Johnson Family Lights up Reddick

By Brandon LaChance

It’s hard to miss.

If you’re too close, it may be hard to see because of the brightness.

No, we’re not talking about the sun, we’re talking about the Johnson family’s Christmas decorations on the outskirts of Reddick.

“We always think of the Griswold family in Christmas Vacation when they turn their lights on and you hear the nuclear plant go out and they have to flip the switch,” Katie Johnson said. “Two or three years ago, my husband, Brian, was on the field every day until a couple of days before Christmas. People were so mad at him because he didn’t get the tree up.”

Brian Johnson also receives comments, jokes, and praises about the display on a regular basis as people constantly honk as they drive past the Johnson home, or stop to take pictures and say hello.

“Our neighbors always joke around with us about it. They say their lights dim when we turn on our lights,” Brian Johnson said. “The lights are on a timer. They turn on at 4:30 p.m. and shut off at 7:30 a.m. They’re on all night.

“The worst part with the outside lights is the wind. It beats up the lights. We have to constantly replace lights, so it can get expensive. One year, we put all the lights on the gutters and the next day we had 45-mile per hour winds and all of the lights were in the gutters. We had to pull all of them out.

“But, it’s a lot of fun and I enjoy it.”

The joy of taking 2 ½ hours to put 900-plus feet of Christmas lights on a 50-foot tree began 10 years ago.

At first, Brian used a pole to put the lights up, but as the tree continued to grow, the lights stopped at the halfway point.

With the addition of a lift (bought for the Johnson farm, originally), Brian and Hayden – who is the only child from the couple of 21 years, married for 16 – are able to reach 40-feet of the tree.

There are negotiations being had about purchasing a longer lift…for the farm, wink wink.

“The lift is 40 feet and we can’t reach the top. I’d say the tree is close to 50-feet tall. The star on top is actually not on top,” Brian Johnson said. It’s about eight- or nine feet down from the top of the tree. You can’t really notice unless you’re right next to it.

“It’s funny how many people ask me, ‘How do you put the lights on?’ I think I’m going to start telling them, ‘I climb it.’”

The big tree surrounded by numerous smaller trees outside of the Johnson home is just the beginning.

Inside the home is the rest of the family’s 40-plus versions of the holiday staple.

There is the vintage room, the Christmas movie bar, the traditional Christmas room, snowman standing on the stairs telling you how many days are left until Christmas, the Grinch room with an upside-down tree and a tree coming out of the fireplace (Hayden’s idea), a Minnesota Vikings nutcracker at the end of a row of its peers, and much, much, much more.

“I decorate for every holiday, but not like I do for Christmas,” Katie Johnson said. “Christmas is my favorite because of sentimental reasons. My mom and dad (Amy and Kevin Wancho) always made Christmas special and I wanted to make Christmas special for my son. It’s kind of spiraled since then.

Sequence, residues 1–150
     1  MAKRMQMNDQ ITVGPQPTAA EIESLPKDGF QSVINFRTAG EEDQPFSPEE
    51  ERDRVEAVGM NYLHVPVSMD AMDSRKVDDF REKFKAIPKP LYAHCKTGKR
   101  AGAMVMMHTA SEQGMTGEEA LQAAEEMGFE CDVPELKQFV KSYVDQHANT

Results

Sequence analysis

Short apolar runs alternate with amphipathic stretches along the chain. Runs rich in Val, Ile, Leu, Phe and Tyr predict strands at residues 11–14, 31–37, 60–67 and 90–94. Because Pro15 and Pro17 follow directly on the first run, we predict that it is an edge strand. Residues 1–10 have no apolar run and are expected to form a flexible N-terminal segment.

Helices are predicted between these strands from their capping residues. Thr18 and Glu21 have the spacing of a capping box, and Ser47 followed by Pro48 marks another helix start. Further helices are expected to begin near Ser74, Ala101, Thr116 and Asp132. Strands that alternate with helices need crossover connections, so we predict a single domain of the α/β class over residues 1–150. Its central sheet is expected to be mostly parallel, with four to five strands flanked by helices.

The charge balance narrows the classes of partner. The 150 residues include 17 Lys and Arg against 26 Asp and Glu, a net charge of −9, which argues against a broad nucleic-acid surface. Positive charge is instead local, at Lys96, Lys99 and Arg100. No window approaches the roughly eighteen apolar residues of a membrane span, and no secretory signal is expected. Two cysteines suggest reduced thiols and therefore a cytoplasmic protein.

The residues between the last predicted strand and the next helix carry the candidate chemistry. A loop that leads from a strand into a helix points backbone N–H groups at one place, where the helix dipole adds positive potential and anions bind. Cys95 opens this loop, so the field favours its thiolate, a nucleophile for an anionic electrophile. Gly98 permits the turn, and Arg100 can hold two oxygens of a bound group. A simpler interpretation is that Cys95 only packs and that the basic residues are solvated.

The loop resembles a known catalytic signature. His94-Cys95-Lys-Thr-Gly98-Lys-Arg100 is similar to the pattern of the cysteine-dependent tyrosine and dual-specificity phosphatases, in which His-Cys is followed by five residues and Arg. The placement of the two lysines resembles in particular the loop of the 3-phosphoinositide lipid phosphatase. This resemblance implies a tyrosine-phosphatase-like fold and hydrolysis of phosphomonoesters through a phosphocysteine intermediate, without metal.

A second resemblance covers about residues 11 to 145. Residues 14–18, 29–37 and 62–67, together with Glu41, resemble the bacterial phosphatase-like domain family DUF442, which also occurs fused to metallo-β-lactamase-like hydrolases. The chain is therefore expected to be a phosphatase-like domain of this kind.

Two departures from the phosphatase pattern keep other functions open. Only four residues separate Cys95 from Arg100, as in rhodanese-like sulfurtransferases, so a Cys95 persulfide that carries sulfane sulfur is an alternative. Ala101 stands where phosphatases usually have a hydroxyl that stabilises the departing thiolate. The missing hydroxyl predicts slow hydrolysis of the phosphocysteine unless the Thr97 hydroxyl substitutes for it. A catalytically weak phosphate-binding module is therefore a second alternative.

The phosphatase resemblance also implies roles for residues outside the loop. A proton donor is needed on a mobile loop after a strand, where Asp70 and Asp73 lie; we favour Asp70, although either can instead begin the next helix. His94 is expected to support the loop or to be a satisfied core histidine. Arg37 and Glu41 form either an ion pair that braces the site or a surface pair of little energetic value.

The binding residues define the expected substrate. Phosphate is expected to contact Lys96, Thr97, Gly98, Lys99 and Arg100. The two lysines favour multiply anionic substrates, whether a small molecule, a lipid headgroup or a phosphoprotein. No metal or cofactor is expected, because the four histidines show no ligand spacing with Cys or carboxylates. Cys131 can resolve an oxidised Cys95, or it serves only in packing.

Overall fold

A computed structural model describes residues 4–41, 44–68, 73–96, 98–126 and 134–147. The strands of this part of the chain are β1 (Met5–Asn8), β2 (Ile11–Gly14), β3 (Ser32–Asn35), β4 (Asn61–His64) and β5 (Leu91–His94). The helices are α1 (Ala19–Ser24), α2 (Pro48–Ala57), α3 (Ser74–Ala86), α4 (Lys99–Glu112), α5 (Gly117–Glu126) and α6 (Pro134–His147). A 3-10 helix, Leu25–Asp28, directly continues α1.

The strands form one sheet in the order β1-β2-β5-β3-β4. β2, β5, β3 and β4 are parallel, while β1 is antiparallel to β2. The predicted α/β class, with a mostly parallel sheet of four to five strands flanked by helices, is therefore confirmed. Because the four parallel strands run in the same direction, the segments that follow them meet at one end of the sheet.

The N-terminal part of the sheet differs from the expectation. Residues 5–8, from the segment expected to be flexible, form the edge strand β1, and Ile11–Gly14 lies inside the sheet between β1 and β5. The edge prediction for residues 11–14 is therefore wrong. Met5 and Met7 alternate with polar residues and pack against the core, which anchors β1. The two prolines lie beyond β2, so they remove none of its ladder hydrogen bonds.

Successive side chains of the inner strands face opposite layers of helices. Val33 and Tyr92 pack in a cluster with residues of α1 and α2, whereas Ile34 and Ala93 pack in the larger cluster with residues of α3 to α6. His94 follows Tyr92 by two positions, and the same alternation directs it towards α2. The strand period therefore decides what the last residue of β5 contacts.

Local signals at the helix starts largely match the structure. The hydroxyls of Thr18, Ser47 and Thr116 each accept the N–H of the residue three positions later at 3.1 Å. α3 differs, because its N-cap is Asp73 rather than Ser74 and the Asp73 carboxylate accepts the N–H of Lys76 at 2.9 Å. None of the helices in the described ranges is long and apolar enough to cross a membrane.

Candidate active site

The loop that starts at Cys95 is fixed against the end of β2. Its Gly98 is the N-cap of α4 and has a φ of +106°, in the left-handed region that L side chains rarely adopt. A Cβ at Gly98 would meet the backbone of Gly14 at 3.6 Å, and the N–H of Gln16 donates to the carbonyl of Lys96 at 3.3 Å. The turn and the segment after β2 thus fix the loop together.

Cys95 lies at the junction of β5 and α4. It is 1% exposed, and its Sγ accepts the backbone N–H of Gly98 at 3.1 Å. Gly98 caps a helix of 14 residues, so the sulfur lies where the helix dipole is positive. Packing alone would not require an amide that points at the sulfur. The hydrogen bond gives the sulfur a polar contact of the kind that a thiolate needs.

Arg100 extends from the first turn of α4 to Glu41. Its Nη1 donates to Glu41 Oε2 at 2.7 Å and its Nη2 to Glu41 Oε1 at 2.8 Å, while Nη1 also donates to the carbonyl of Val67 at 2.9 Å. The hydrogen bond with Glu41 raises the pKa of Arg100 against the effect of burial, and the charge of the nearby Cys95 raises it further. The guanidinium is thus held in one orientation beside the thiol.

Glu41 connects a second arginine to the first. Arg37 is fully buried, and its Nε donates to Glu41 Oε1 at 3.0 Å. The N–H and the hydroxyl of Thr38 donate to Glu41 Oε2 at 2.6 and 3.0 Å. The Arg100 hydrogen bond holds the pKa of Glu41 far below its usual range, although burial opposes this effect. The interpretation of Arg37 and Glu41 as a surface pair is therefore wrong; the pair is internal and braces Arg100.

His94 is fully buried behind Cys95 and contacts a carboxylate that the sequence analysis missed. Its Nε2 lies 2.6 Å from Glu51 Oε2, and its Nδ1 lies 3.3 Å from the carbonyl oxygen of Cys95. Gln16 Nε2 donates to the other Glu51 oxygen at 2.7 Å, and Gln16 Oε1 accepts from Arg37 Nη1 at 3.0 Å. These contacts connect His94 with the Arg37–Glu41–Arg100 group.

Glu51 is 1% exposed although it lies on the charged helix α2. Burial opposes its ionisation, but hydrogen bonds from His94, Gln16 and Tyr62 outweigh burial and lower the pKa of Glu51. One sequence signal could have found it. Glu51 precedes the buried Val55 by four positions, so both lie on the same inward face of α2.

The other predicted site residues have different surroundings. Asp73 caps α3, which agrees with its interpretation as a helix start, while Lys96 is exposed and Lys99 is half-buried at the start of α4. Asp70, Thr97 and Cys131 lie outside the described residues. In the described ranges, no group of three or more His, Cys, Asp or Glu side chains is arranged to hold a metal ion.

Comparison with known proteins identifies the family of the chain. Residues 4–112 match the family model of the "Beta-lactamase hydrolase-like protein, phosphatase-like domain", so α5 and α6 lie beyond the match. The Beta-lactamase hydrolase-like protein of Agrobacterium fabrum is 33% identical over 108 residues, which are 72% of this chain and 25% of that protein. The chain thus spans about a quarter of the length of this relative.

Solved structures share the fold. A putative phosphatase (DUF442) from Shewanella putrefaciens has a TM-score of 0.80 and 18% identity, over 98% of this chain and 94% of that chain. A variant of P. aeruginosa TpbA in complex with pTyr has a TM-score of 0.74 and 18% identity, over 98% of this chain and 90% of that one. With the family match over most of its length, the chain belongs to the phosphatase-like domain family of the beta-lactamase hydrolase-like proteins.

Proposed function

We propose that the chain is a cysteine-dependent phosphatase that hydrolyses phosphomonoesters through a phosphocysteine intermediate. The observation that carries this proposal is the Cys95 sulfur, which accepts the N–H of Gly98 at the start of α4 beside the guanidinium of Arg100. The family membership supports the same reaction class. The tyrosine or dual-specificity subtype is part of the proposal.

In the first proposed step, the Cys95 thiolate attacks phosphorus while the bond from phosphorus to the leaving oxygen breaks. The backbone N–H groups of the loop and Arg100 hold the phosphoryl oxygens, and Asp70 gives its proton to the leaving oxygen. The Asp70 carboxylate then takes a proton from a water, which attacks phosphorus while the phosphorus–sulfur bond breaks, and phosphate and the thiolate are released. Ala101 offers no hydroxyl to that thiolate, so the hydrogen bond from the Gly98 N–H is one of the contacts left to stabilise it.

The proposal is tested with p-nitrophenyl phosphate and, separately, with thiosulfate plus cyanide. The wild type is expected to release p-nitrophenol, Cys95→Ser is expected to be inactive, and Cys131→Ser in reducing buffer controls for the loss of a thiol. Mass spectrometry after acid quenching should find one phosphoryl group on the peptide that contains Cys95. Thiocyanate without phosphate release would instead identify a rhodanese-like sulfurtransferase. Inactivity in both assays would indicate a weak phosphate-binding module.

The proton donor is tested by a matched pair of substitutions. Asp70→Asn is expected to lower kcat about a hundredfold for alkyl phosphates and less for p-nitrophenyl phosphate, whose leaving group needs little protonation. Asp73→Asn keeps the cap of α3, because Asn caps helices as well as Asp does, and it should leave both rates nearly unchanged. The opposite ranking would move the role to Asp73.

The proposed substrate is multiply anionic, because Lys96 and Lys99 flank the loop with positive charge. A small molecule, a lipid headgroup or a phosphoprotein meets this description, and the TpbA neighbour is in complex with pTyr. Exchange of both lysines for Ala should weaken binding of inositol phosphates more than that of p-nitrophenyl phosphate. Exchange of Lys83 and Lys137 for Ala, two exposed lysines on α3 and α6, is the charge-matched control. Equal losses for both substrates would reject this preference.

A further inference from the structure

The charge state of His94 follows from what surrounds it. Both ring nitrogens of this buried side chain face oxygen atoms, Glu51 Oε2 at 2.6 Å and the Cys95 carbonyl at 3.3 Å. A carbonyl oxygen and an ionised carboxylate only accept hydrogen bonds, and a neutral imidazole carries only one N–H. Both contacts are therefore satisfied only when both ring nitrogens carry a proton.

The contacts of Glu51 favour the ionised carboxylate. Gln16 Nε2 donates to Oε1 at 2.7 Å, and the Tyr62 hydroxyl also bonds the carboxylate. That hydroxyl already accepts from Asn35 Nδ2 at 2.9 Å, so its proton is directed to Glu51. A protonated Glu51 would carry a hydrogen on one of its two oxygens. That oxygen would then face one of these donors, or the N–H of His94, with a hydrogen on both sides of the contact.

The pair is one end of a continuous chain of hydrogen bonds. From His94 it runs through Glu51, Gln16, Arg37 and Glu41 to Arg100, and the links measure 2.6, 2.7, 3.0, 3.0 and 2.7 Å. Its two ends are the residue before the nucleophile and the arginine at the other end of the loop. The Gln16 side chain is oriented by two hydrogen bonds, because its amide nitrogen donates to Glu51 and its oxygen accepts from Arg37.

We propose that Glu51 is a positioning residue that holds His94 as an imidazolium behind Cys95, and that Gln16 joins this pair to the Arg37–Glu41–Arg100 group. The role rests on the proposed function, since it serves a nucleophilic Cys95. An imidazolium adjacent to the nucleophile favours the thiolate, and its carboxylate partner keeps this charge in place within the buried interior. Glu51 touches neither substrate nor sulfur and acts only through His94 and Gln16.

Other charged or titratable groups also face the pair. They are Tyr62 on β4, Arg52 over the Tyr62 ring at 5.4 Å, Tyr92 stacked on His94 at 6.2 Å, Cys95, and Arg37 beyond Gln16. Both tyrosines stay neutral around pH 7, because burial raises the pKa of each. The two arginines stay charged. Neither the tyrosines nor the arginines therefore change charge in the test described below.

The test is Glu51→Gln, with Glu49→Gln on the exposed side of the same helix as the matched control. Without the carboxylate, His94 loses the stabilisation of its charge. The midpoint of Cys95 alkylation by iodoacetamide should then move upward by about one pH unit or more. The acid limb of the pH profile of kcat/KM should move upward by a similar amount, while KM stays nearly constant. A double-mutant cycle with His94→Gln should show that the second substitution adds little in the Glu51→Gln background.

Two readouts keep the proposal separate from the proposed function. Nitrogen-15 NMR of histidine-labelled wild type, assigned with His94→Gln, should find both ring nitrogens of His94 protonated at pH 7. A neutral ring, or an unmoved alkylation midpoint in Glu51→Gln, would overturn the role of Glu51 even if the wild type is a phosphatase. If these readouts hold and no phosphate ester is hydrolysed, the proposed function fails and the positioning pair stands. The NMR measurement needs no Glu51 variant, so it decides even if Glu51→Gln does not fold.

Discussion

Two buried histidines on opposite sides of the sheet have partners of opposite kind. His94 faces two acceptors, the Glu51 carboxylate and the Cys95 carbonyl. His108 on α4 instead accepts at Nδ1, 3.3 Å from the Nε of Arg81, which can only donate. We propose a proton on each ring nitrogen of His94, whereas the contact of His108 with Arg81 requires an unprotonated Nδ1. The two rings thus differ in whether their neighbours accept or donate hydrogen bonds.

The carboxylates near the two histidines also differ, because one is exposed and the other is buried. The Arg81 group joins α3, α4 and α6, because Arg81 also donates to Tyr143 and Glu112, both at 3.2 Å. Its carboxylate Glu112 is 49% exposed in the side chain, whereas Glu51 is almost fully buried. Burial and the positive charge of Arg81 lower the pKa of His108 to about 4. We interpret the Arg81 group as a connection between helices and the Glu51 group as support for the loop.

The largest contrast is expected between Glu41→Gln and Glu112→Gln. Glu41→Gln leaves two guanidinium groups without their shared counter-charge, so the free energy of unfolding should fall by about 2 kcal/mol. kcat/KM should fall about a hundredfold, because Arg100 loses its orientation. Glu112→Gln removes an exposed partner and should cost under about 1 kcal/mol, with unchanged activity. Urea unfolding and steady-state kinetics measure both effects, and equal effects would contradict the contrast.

“It’s the most magical time of the year until we have to take it down and then they’re mad at me.”

But not too mad.

Actually, the entire family is really into the decorating process which started 16 years ago when Hayden celebrated his first Christmas.

Every year since then, Hayden helps his dad outside and has made deals with his mom such as taking 50-plus trips up and down the attic steps to bring the trees, lights, ornaments, and other decorations down so all his mother has to do is decorate.

“It means a lot. I know they care about me and love me,” said Hayden, who is a junior at Herscher High School. “It’s special because then I can pass on the tradition to my kids and grandkids. That’s what I look forward to.”

He doesn’t think the same happy thoughts during the trudge up the stairs, but before and afterward is different.

“The outside is pretty fun. Inside, I like the bar area because I love Christmas movies,” Hayden added. “I really enjoy bonding with my mom and dad while we’re doing this. I’ve already had a lot of compliments from people at school. They say our Christmas lights look really good. I have a couple of buddies who drove by and honked a couple of times.”

The bond shared with Hayden is exactly why Katie began collecting Christmas memorabilia and a reason Katie is one of Hobby Lobby’s top customers.

She knew how much she loved Christmas and the time spent with her family including her grandparents John and Verna Clark and Al and Agnes Wancho.

In their memory, she wanted it to continue in her own home.

“My favorite is my vintage room just because I’ve tried to incorporate my family. I almost cry every time I put up my grandma’s ornaments,” Katie said. “My other grandma always gave me Precious Moments, so I put those out. Every time I put them up, I think about them. I have Christmas pictures that are from my childhood and pictures of Brian’s childhood, and I put them up because they’re sentimental to me.

“Christmas was always a special time and my grandparents and my mom always did little things to always make it special whether it was making cookies or taking a special trip. It was just always a special time of the year for our family. I wanted to make it special for my son.

“I would hate it if Brian and Hayden didn’t enjoy it because I wouldn’t get any help.”

Brandon LaChance is a journalist with The Paper. He can be contacted at (815) 876-7941, blachance20 @gmail.com, or on Twitter @LaChanceWriter.

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